Hardware FAQ

Let's get technical, technical! Ready for the fun stuff? Here are the details to really help you understand e-cigarettes. It's all basic electronics. Don't feel overwhelmed--we'll get you through it and on to an even better vaping experience. Always feel free to ask questions no matter how experienced or inexperience you are with vaping or these concepts. We can never talk about safety too much in this community.

Which kit is the best?

The answer to this is different for everyone. There are the apparent differences, and there are the ones you can't see on a website: the technical stuff. One of the secrets in the e-cig industry is that there are only a few types out there. The manufacturers are more than happy to stamp whatever brand name vendors want on them for a price. This is why many of the bulk kits out there all look and act the same--they are the same!

What are the parts of an e-cig?

No matter what e-cigs look like, they have the same basic parts. A battery connects to the atomizer--whatever form it may be in. The atomizer is heated when the battery is activated. The e-liquid is drawn towards the atomizer by a wicking material and when heated produces vapor.

What do resistance (ohms) affect?

Simply stated, resistance (measured in ohms) is how much of the supplied voltage the atomizer allows at the heating coil. This can get confusing, but remember, the lower the resistance of your atomizer the hotter it will get. Low resistance is considered 1.0 - 2.9 ohms, and 3.0 ohms is considered standard resistance. Anything lower than 1.0 ohms is considered sub-ohm.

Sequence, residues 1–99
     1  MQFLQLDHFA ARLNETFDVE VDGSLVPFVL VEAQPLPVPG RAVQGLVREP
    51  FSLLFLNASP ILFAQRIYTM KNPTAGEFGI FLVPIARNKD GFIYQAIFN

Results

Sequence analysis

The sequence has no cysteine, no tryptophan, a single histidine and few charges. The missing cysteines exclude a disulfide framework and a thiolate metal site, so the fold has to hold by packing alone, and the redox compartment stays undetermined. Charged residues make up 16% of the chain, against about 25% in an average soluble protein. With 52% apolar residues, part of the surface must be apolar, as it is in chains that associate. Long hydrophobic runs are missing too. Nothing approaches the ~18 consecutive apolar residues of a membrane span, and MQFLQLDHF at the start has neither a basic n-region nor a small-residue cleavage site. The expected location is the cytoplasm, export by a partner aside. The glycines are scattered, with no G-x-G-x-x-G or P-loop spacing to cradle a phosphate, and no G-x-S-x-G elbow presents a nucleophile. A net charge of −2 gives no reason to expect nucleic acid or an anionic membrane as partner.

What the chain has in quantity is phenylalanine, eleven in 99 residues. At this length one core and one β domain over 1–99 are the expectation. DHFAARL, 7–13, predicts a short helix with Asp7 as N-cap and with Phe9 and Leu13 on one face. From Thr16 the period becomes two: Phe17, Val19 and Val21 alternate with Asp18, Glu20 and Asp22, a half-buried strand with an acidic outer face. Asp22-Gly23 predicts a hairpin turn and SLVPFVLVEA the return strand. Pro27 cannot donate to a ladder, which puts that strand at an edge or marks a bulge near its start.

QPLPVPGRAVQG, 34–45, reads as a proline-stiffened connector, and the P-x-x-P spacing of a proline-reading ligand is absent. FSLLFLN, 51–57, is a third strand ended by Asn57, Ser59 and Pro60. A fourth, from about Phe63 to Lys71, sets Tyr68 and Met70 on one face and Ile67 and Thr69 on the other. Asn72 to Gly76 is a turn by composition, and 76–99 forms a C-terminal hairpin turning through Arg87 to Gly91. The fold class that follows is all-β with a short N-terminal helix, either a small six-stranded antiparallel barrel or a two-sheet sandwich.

Why are voltage, amps, and milliamp hours important?

Voltage is (loosely) the amount of "energy" you are sending to the heating element. Most devices operate around 3.7 volts. There are others that offer more or even allow you to change voltage. The benefit to higher voltage is a stronger, more flavorful vape with greater vapor production. However, if you push voltage too high you can burn out your atomizer. 

Milliamp hour (mAh) is a measure of how much "energy" a battery can store. The higher this number, the longer the battery will last between charges. Amps are basically how fast the battery can discharge the needed voltage. It is extremely important to know how many amps you are drawing (especially for sub-ohm vaping). Batteries are designed to a certain amp draw specification and if that is exceeded it can cause the battery to overheat and vent.

There is a simple formula to calculate your amp draw: voltage/resistance (or V/R). For example, a 3.7-volt battery and a 0.5-ohm coil would draw approximately 7.4 amps. Whatever battery you are using would need to supply that continuously. If you're in doubt, please check with us.